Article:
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Gaze following is modulated by expectations regarding others' action goals
Department of Psychology, Ludwig-Maximilians University, Munich.
Department of Psychology, Ludwig-Maximilians University, Munich.
Department of Psychology, George Mason University, Fairfax.
Department of Psychology, Ludwig-Maximilians University, Munich.ORCID iD: 0000-0003-3323-7357
2015 (English)In: PLoS ONE, ISSN 1932-6203, E-ISSN 1932-6203, Vol. 10, no 11, article id e0143614Article in journal (Refereed) Published
Abstract [en]

Humans attend to social cues in order to understand and predict others' behavior. Facial expressions and gaze direction provide valuable information to infer others' mental states and intentions. The present study examined the mechanism of gaze following in the context of participants' expectations about successive action steps of an observed actor. We embedded a gaze-cueing manipulation within an action scenario consisting of a sequence of naturalistic photographs. Gaze-induced orienting of attention (gaze following) was analyzed with respect to whether the gaze behavior of the observed actor was in line or not with the action-related expectations of participants (i.e., whether the actor gazed at an object that was congruent or incongruent with an overarching action goal). In Experiment 1, participants followed the gaze of the observed agent, though the gaze-cueing effect was larger when the actor looked at an action-congruent object relative to an incongruent object. Experiment 2 examined whether the pattern of effects observed in Experiment 1 was due to covert, rather than overt, attentional orienting, by requiring participants to maintain eye fixation throughout the sequence of critical photographs (corroborated by monitoring eye movements). The essential pattern of results of Experiment 1 was replicated, with the gazecueing effect being completely eliminated when the observed agent gazed at an actionincongruent object. Thus, our findings show that covert gaze following can be modulated by expectations that humans hold regarding successive steps of the action performed by an observed agent. © 2015 Perez-Osorio et al. This is an open access article distributed under the terms of the Creative Commons Attribution License, which permits unrestricted use, distribution, and reproduction in any medium, provided the original author and source are credited.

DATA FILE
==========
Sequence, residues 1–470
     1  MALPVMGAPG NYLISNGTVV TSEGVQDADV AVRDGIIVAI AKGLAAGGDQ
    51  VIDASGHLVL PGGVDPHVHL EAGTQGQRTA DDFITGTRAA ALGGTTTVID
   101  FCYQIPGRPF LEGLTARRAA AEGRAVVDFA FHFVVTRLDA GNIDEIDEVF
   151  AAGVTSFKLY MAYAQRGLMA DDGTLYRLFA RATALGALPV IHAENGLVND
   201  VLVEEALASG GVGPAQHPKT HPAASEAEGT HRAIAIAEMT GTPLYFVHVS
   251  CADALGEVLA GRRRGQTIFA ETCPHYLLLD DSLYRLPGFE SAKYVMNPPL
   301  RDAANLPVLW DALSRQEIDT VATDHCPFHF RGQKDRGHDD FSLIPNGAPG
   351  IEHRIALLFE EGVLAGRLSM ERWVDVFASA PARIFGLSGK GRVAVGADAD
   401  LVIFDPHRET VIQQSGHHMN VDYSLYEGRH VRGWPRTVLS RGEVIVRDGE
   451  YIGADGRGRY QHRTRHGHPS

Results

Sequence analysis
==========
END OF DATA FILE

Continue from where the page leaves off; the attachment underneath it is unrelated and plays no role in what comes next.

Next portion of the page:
Place, publisher, year, edition, pages
2015. Vol. 10, no 11, article id e0143614
National Category
Production Engineering, Human Work Science and Ergonomics
Research subject
Engineering Psychology
Identifiers
URN: urn:nbn:se:ltu:diva-8285DOI: 10.1371/journal.pone.0143614Local ID: 6c650bf4-488b-4bd6-a4d9-e957e53fde1dOAI: oai:DiVA.org:ltu-8285DiVA, id: diva2:981177
Note
Upprättat; 2015; 20160601 (andbra)Available from: 2016-09-29 Created: 2016-09-29 Last updated: 2017-11-24Bibliographically approved

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Wykowska, Agnieszka

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